The latest state test data shows that most Bay Area school districts have not improved much since last year. Many also still have huge gaps in proficiency rates between students of different races and income levels.

 

2014-15 2015-16 2016-17 2017-18
Low-income African American Students 22% 21% 20% 21%
Low-income Latino Students 25% 29% 29% 30%
Non-low-income White Students 78% 77% 77% 78%

 

In some Bay Area districts, scores for non-low-income White students were double — and in some cases, triple — that of low-income Latino and African American students.

The California Department of Education released the 2016-17 scores on the California Assessment of Student Performance and Progress (CAASPP) tests in English and mathematics in October.

See how your district did:

San Francisco

  • In San Francisco, proficiency rates for African American and Latino students remained extremely low.
    • Scores for African American students increased by just 1 point in English (just 2 in 10 are now reading on grade level). Scores in math were already low and this year they decreased 1 point further. Now just 12% of African American students are proficient in math.
    • Scores for Latino students did not change at all. Just 3 in 10 Latino students are reading on grade level and just 2 in ten are proficient in math.  
  • San Francisco has a huge and persistent achievement gap. For the last four years, there has been around a 50 point gap in proficiency between White students and African American and Latino students.

Redwood City

  • Latinos make up the majority of students in Redwood City Elementary District. This year the district saw modest increases for this group in both English (4 percentage points) and math (5 percentage points).
  • Yet despite these gains, Latino students in Redwood City are still half as likely to be on grade level in reading as their White peers. Just four in 10 Latino students are proficient in reading and three in 10 are proficient in math.  

Sequoia Union

  • Proficiency rates in Sequoia Union dropped significantly from last year for most groups of students.
    • Scores for African American students dropped by 11% in English and 13% in Math.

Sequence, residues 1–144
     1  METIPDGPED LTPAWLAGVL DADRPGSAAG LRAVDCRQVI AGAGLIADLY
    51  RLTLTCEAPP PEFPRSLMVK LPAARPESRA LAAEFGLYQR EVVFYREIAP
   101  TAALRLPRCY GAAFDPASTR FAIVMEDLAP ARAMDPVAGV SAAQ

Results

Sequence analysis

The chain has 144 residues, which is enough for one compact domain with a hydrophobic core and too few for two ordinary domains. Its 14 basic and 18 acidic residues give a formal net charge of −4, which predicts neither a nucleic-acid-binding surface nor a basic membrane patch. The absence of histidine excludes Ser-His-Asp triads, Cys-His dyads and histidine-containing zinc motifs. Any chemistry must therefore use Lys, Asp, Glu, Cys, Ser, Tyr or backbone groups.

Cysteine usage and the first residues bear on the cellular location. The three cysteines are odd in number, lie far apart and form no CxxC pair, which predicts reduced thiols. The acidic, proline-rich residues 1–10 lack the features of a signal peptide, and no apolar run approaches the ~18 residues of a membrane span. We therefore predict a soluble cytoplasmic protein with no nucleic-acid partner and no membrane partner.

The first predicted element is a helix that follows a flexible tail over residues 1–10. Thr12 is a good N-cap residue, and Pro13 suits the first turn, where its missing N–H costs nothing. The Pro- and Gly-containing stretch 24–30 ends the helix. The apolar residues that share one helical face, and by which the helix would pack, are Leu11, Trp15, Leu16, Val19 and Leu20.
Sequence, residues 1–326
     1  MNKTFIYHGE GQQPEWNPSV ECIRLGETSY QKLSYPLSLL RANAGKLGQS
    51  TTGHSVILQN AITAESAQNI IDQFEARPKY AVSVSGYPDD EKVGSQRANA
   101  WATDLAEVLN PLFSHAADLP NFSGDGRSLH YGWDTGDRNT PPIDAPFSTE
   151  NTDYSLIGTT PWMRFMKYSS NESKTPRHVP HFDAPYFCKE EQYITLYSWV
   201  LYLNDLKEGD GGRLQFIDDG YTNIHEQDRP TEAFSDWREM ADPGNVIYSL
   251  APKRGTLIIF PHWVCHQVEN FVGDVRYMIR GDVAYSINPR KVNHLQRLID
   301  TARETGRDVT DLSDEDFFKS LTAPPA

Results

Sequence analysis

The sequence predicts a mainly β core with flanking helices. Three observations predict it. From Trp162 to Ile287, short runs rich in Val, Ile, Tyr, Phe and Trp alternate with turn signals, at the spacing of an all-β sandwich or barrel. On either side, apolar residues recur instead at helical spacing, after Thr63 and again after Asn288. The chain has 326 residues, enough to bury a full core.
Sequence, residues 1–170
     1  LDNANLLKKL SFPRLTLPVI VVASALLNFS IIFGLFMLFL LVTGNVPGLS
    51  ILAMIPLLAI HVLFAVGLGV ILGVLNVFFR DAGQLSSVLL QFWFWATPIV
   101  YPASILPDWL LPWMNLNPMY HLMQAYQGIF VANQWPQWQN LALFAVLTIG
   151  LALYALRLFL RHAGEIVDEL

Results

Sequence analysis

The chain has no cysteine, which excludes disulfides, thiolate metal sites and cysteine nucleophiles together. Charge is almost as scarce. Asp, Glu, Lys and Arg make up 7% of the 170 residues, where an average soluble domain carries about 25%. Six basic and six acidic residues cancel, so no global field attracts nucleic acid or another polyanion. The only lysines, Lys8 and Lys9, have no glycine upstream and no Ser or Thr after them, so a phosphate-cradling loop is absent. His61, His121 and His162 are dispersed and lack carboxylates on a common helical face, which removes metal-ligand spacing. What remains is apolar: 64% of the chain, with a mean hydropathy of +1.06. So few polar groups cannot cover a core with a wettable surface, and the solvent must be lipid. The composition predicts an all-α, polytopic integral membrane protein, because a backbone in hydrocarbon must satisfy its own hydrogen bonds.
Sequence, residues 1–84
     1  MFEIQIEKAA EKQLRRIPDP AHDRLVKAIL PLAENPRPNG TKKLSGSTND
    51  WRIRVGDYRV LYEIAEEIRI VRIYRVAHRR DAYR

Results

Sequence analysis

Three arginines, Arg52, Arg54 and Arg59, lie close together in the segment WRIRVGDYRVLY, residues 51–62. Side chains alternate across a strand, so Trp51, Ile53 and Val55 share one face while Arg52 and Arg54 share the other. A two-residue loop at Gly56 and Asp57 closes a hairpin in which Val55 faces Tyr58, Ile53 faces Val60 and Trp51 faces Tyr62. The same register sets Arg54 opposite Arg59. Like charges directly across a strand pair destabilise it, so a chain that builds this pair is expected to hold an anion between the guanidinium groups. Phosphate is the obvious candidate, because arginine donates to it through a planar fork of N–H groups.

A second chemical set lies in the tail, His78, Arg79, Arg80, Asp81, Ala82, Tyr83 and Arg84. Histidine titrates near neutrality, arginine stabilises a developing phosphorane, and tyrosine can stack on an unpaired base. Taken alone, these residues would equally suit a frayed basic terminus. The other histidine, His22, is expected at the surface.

• For Latino students, scores dropped by 16% in English and 3% in math.
  • Only around a third of African American and Latino students are proficient in English. Only 13% of African American students and 20% of Latino students are proficient in math.  
  • When students are not prepared to read and do math on grade level, they are far less likely to graduate high school prepared for success in college. Last year, just 4 in 10 Latino students in Sequoia Union graduated eligible to apply to a public university. These rates are even lower for African American and Pacific Islander students.  

Ravenswood City

  • This year, Ravenswood City made some progress for African American and Latino students. The English proficiency rate increased by 6 percentage points for African American students and by 4 points for Latino students.
  • However, even with these improvements, these proficiency rates still lag far behind the rest of the state:
    • Just 2 in 10 Latino students are on grade-level in English and math.
    • Just 2 in 10 African American students are on grade-level in English and just 1 in 10 are on grade-level in Math. This means that, across the entire district, just 11 African American students are on grade-level in math.
  • Proficiency rates for students with disabilities were generally low across the state of California (15% in English and 12% in math). But in Ravenswood City, only 6% of students with disabilities were proficient in English and only 3% were proficient in math last year. This means that out of 230 students with disabilities in the Ravenswood City school district who took the state test, just 14 are proficient in reading and just 8 are proficient in math.

San Jose

  • San Jose didn’t show much improvement in its scores for Latino students: only a 2% increase in English scores, and no difference in math scores.
  • The achievement gap between non-low-income White students and low-income Latino students is 47 percentage points in English and 50 points in math.
  • Scores for African American students increased by 4 percentage points in English and 6 points in math. Despite these gains, African Americans still face enormous gaps compared to proficiency rates of White students.
  • For students with disabilities, scores increased just 1 percentage point in both in English and math. Overall only 19% of students with disabilities are proficient in English and only 16% are proficient in math.

Of course, test scores are just one measure of a school’s performance. At Innovate, we recognize that it’s important to look at multiple measures of school quality beyond proficiency rates. Our Top Schools report profiles high-performing schools meeting more holistic measures of student learning and school culture.

However, this year’s test scores do show that Bay Area schools have not academically prepared many students for their future. State and district education officials may be quick to tout even the smallest increases. But the overall news for the California and the Bay Area is alarming — especially for the most marginalized groups of students.